An overview of Cloud Computing
A short overview
In the past, both software and data had to be stored and processed on your computer and/or a local server. Now these processes and storage can be done or held on the internet or "the Cloud".
- Who uses the cloud technology?
- Where is the information stored?
- How is the cloud paid for?
- Who currently uses the system?
- Does UWS use this system?
Cloud based applications and services can provide and support any type of software application or service in use today and can store any data type or size.
There are public clouds, private clouds and hybrids.
Cloud computing can completely change the way companies use technology to service staff, customers, suppliers and associates.
There are already some businesses, such as Google and Amazon, that have most of their IT resources in the cloud. They do it, for convenience, space savings and cost. Using the cloud they do not have to provide servers or storage and can even have their software run from the cloud.
On your personal computer your storage is on the computer, for example in My Documents on the C: drive.
A Web Server, is generally a group of privately owned computers or servers. The problem here is usage. The storage must be big enough and powerful enough to handle the customer's demands but cannot be too small and/or lack power because it may affect the speed (response time) of the service. If the storage and power are large but the demand is low the capability will go unused.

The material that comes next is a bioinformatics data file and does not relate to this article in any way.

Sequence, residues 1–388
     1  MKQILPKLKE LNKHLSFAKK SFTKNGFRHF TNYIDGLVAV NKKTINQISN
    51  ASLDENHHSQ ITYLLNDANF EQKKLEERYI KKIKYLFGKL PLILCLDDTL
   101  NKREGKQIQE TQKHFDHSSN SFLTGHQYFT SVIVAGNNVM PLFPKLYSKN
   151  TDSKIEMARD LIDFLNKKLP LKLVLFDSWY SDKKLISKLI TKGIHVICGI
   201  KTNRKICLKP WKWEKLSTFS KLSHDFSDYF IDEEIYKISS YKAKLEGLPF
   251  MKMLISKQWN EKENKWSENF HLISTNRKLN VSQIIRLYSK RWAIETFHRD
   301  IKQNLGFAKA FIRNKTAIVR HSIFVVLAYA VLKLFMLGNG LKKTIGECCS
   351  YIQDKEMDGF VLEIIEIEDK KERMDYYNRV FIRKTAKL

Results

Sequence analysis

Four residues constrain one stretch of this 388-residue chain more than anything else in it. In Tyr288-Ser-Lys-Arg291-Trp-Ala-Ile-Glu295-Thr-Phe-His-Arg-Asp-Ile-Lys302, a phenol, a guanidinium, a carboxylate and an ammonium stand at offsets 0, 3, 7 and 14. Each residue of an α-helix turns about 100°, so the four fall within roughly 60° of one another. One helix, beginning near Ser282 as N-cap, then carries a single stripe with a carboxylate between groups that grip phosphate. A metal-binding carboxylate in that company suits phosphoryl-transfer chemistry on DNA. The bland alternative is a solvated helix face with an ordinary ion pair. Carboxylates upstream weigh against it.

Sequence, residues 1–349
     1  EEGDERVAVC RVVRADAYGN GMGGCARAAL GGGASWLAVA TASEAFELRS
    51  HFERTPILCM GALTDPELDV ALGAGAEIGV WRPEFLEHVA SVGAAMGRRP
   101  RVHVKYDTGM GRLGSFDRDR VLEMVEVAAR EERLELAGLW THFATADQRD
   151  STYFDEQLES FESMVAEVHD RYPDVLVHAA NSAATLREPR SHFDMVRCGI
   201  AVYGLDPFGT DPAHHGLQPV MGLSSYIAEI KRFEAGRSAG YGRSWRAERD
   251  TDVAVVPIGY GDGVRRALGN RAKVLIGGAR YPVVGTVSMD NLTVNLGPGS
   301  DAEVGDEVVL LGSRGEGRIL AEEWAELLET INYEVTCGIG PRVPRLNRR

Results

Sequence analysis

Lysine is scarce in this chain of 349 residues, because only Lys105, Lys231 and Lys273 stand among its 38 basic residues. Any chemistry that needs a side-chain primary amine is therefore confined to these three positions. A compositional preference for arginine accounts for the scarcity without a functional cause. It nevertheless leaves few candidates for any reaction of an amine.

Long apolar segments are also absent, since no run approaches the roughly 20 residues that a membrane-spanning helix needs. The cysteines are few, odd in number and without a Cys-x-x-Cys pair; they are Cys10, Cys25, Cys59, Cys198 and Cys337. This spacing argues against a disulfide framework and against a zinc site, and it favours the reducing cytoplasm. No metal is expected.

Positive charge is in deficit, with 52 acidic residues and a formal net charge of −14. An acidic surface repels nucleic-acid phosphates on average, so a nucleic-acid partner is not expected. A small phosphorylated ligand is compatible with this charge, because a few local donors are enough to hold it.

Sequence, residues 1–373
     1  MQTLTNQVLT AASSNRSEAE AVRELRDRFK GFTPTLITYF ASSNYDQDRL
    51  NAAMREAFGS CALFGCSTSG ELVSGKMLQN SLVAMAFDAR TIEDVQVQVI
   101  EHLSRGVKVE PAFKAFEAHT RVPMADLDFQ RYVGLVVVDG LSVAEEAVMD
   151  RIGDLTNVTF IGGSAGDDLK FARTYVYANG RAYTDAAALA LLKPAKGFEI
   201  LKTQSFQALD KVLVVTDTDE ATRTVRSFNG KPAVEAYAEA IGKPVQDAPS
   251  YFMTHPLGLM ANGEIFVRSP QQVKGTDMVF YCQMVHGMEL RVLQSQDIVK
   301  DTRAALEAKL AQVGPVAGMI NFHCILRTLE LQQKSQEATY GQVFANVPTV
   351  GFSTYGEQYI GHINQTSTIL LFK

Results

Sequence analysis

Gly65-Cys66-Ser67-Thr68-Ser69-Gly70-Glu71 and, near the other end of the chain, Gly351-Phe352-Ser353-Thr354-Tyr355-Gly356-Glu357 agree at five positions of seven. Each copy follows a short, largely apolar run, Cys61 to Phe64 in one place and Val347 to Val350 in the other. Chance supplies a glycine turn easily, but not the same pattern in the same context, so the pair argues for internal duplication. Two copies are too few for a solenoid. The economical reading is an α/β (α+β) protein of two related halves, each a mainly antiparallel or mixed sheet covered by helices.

The cloud storage is like a huge bank of servers (possibly thousands in the one location), linked with other locations around the world.
If the website, is hosted in a cloud, additional processing power and storage is available from the cloud provider, instantaneously.
How is the cloud paid for?
Users of the cloud pay for the privilege of using the services. The most popular payment format is the pay-as-you-go pricing model.
Google's storage cost are currently 25c / Gigabyte / year or 2c / Gigabyte / month with no additional transfer cost.
The cloud is rapidly gaining popularity with larger companies.
At the time of writing this, Google are using just about all its products on the cloud, including Open Office, Gmail, Picasa images, Google Apps and YouTube.
Microsoft are now following suit and will put most of its similar apps online permanently.
Currently the Student email system is a cloud based system and there are some new smaller cloud programs (like Cloudstor) that have been recently introduced.
If you want more information, check out these websites;